Manic Street Preachers
MANIC STREET PREACHERS - by Jon Savage
What follows is a transcript of an interview done with Nicky Wire and Jon
Savage in February 1996, during which Nicky agreed to talk frankly and on
the record about Richey James' continued disappearance and its impact on
the group. It is to be hoped that these answers - will reduce the need for
further questioning on the subject.
Jon Savage: The single, "A Design For Life" seems to be about Blackwood,
going back to where you started.
Nicky Wire: "A lot of people think that "A Design For Life" is quite
negative, but it's almost heroic, in the sense that whatever is thrown at
the working classes by the upper classes, we will always come through.
That's what the lyric is about: we always come back with something better.
Whatever you say, there is a working class in this country and I think
it's got more talent that any other class. All my favourite bands are the
same, working class people with pretensions. The first single we did with
Heavenly Records, "You Love Us", it's got on the cover Travis Bickle, Pete
Townsend, William Burroughs. It does sum up everything we loved at the
time, and we haven't really changed, they are still the things we go back
to for comfort. So it's going back, it's rediscovering what we always
liked about our youth".
JS: The single sounded very focused, more direct than "The Holy Bible".
NW: "When James wrote the tune, he phoned me up that night and played it
down the phone to me, and he had the complete vision of how it was going to
sound, an old Motown record, a bit of REM, a bit of Ennio Morricone, which
we don't always have. Fortunately, we're better players now and it's a bit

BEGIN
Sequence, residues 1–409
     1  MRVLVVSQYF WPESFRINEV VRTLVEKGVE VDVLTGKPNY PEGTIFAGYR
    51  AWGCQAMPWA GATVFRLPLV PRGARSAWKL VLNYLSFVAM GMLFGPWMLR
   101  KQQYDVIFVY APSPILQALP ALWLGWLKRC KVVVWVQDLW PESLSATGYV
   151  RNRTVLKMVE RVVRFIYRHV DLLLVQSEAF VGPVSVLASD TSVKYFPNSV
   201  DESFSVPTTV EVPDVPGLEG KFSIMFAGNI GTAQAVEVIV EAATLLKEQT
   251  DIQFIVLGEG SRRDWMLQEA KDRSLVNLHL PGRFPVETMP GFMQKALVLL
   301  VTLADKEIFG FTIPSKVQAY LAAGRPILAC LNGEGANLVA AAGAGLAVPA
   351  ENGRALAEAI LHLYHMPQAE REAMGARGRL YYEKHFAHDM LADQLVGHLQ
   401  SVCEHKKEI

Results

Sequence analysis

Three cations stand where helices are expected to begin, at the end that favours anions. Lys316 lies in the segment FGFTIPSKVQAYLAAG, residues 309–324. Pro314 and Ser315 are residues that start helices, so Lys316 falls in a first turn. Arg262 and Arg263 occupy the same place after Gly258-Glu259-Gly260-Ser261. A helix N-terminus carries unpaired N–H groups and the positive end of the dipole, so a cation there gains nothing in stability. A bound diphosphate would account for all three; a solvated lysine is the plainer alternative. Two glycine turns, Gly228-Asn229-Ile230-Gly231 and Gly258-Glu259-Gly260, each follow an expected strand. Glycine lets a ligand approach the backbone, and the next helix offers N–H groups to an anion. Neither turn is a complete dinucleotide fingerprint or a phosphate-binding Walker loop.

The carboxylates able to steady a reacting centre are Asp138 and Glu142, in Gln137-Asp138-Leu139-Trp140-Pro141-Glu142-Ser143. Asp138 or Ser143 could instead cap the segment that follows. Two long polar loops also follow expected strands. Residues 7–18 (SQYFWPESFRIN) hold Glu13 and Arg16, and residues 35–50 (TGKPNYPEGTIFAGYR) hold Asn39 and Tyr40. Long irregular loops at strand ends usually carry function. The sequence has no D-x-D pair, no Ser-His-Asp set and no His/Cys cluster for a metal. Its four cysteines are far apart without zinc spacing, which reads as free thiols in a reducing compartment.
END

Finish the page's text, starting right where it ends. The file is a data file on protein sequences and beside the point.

easier to nail it".
JS: Tell me about "Everything Must Go".
NW: "We recorded it in this little recluse in Normandy, which is like being
in Wales. It's in this big chateau, it's the old Abbey Road desk, it's all
wood. "The Beatles" and "Dark Side Of The Moon" were recorded on it. It
actually does sound very warm. It's such a relief when you can't speak the
language because no-one can speak to you. You just say a few words: Coke
or Mars bar, and that's it. Mike Hedges was really nice as a producer. We
did seventeen tracks and we're going to pick twelve for the album".
JS: Can we go back a bit and talk about some of the misconceptions. You
and Richey both wrote the lyrics, how did that work?
"We used to sit down and write lyrics together. It's very rare for any
band. Sometimes I would just have a title and he would write the song,
sometimes we would write them together. For example, "Little Baby Nothing"
was my title, but Richey wrote all the verses, I wrote the end. "Roses In
The Hospital", I wrote virtually all of that. With "The Holy Bible",
obviously Richey's state of mind dictated that he wrote many more of the
lyrics. I had just got married and moved into a new house and I didn't
want to write about death camps and mutilation. I had a lot of songs
stored up then but I still wrote about 30% of the record".
JS: Would you say your writing style is more direct than
NW: "He was black and I was white. I'm not pretending to be the same kind
of lyricists as Richey on this album I don't reach the depths of madness
and self-hatred that he did".
JS: Do you think the sensationalism of the early days is a help or a
NW: "It would be wrong to say we regretted it. We could have sold a lot
more records if we'd done a debut album that was ten songs just like
"Motown Junk" and played the game a bit more carefully but I prefer bands
when they're messy and sprawling and epic, and they make mistakes. Philip
Hall always encouraged me to be controversial, always".
JS: Do you still feel that need?
NW: "I do deep down. That was the difference between me and Richey, he
always wanted to be understood but I preferred being misunderstood. I get
strength from feeling that no-one likes me, that I'm being anti-fashion.
JS: Can we talk about Richey now? I suppose one of the most disturbing
things with hindsight, is that you expect pop music and performance to be
about some kind of artistic projection rather than strict autobiography.
Was that a problem for Richey, that it was very autobiographical, that
people didn't see the warning signs?
NW: "I've always felt that for all of us, there was a massive